Let’s fast-forward to a history lesson: fashion illustration is a cornerstone of both the media and retail segments of the industry as we know it. The earliest commercially disseminated fashion images were capturing the looks at the Palace of Versailles during the reign of Marie Antoinette setting the court trends across Europe. When the world’s first fashion magazine Harper’s Bazaar was founded in 1867 it relied on drawings, because photography was still an experimental discipline. From Salvador Dali to Karl Lagerfeld, throughout the 20th century many iconic creators expressed divergent visions through fashion illustration.
When Instagram made fashion imagery wildly accessible to the public, innovative artists like Sara Shakeel and Helen Downie transformed the genre by embracing the immense sharing potential of social networking. Both were among the first to bridge fashion and tech trends. The prolific fashion arts entrepreneur Talia Zoref is taking the medium “back to the future” now with her first-of-its-kind NFT drop featuring 8888 unique pieces. An Israel-based Forbes 30 under 30 honoree, she has collaborated with MAC, Chanel, Condé Nast, and other power players depicting contemporary style icons like Beyoncé, Lady Gaga and Billie Eilish. Her latest Eyes of Fashion collection secures the legacy of luxury couture in the Metaverse. I connected with Zoref to discuss the beginnings of her career and the future of fashion media.
How do you see the role of a fashion illustrator in the age of social media?
Social media completely changed the industry. An illustrator doesn’t capture the looks off the runway in exact form as the photos are available everywhere immediately. My job is to create an interpretation, a portrait of a look the way I see it and give it a vibe. Now fashion illustrators are creative leaders making campaigns that stop the scrolling audience in its tracks. An art piece can bring something totally new to the table with unexpected color schemes or lines portraying and provoking different emotions. It all that depends on how you want to make the viewer feel. Fashion illustrations are also used as prints on clothes and other goods, for packaging design or as treasured mementos for a brand’s clients. It’s an always fresh and interesting approach.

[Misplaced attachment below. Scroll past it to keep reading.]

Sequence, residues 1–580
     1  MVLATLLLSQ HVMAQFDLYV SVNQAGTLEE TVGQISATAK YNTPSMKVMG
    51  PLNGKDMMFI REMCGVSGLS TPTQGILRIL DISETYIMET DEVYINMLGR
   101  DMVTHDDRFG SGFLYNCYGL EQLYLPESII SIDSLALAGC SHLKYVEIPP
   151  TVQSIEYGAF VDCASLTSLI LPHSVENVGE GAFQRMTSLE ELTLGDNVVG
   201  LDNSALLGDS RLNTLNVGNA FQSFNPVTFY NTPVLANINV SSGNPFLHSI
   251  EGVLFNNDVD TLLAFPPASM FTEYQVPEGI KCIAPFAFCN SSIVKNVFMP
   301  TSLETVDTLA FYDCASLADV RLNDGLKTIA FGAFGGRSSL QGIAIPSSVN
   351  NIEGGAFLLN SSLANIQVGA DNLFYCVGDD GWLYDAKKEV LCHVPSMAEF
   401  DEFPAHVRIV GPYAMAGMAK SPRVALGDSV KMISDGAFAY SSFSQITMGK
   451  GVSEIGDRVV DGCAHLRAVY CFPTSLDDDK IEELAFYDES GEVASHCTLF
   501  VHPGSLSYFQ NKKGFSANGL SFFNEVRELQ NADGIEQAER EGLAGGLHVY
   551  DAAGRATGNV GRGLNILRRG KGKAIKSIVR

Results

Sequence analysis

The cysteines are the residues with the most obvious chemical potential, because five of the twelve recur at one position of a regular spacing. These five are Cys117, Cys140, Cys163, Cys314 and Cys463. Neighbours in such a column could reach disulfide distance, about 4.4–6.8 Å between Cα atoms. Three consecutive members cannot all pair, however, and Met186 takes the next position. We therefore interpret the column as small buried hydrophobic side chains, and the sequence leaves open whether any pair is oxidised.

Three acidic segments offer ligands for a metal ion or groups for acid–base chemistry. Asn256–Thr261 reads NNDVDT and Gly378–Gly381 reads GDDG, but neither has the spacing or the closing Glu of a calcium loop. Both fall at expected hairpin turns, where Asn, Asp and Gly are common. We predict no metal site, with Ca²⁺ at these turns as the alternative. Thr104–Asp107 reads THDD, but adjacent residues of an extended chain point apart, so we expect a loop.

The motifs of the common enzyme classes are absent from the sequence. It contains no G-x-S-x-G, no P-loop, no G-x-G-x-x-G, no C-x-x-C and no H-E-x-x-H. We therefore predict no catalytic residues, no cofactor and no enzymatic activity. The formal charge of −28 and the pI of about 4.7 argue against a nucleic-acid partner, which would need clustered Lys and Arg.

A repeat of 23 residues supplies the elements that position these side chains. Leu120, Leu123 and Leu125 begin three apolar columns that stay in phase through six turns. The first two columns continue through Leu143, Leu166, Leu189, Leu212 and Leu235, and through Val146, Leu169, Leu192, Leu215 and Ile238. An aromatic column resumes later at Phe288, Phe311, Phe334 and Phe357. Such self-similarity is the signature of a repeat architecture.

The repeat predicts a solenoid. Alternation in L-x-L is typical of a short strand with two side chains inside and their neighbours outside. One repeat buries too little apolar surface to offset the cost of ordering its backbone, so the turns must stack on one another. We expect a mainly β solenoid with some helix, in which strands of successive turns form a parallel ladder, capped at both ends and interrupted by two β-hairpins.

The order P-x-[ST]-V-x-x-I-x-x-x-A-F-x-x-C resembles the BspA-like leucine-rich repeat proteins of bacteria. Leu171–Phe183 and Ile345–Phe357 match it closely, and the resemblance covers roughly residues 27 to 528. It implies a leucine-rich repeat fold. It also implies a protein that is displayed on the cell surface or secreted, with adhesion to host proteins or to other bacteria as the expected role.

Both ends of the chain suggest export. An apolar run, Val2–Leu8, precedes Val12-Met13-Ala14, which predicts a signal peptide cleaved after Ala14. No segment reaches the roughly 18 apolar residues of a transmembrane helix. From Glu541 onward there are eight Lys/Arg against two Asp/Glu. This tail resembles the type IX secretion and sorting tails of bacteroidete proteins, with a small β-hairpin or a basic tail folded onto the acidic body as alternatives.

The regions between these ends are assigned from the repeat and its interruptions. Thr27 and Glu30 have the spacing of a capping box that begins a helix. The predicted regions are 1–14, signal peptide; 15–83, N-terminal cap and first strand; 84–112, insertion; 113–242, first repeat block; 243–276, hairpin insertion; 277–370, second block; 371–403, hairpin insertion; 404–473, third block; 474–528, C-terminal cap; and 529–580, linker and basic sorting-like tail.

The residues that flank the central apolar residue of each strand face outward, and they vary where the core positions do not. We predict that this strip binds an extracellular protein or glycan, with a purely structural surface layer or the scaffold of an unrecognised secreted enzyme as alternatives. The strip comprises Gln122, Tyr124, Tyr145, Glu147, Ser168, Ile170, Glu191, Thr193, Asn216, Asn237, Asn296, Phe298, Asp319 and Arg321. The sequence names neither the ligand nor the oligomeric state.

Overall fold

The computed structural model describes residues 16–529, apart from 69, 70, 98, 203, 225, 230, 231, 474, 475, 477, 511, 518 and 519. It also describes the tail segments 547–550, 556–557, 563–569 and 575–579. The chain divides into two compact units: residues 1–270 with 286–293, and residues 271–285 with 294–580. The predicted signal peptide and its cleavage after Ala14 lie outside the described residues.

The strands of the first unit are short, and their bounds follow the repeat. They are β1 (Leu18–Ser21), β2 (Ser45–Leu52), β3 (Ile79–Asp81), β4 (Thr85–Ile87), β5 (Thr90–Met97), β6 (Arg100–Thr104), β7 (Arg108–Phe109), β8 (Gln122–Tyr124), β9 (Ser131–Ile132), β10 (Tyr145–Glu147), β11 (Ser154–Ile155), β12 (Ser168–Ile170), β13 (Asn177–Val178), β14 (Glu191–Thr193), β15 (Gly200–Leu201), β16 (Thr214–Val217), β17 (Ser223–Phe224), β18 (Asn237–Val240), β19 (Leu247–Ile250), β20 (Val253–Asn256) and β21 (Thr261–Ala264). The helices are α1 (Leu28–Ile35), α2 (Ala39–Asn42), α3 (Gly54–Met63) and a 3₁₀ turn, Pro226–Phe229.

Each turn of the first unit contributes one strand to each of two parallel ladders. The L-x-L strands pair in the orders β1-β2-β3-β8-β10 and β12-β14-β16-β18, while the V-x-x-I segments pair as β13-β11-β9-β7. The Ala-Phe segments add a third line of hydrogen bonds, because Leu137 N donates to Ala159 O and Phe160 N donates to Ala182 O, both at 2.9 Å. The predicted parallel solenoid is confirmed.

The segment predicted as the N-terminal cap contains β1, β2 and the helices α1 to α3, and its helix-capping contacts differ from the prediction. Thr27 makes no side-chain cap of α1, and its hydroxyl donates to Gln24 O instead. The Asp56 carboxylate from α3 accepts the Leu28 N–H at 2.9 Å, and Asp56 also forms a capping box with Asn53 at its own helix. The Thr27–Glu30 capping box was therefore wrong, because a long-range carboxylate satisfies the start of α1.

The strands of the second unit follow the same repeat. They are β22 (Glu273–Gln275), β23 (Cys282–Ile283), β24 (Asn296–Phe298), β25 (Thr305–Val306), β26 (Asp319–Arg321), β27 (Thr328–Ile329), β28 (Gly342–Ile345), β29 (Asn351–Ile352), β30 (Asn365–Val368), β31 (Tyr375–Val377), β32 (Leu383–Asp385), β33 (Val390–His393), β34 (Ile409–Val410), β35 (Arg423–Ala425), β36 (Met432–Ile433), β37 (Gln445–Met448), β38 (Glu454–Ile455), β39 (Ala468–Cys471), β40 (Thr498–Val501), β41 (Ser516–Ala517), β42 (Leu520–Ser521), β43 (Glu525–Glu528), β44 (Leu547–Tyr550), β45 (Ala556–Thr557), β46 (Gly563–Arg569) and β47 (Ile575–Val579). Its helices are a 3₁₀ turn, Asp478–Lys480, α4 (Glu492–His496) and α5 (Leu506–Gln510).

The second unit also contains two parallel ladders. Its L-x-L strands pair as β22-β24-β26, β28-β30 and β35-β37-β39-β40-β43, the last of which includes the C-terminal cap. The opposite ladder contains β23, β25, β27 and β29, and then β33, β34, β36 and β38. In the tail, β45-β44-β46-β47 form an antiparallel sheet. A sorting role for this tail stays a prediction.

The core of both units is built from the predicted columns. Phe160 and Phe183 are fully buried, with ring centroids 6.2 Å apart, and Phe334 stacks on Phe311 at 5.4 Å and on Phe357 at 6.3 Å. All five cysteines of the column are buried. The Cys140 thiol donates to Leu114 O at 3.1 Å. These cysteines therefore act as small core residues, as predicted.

What inspired such a massive (8888 pieces) creative effort?
Once I learned about the possibilities of partnering with a developer, I saw that the sky is the limit in the NFT world. It helped me expand my hand-drawn art into this amazing body of work I am proud of. I never thought I could create so much art in such a short time and for every piece to be so beautiful and articulate. What I love the most about this is that we are now able to do so much good and support causes we believe in. Our mission focuses on three key areas: fashion, art, and women empowerment through education. For me this is still a dream!
With the market embracing NFTs and digitization is the future of fashion virtual?
There is so much work to be done and it’s just the beginning! People are starting to build their fashion reputations virtually with NFTs. We see this happening with big brands such as Gucci and Balmain as well as individual consumers and style connoisseurs. With the trend towards remote work there will be more opportunities for people to socialize in the digital space. In the nearest future you will be able to walk into any fashion store and buy a physical bag to wear as well as receive an exclusive virtual version as a packaged deal. I believe the future of fashion will continue to have a place in the physical world but will also expand into the virtual realm.
The NFT drop sold out in two minutes! Congratulations, and what’s next for the project?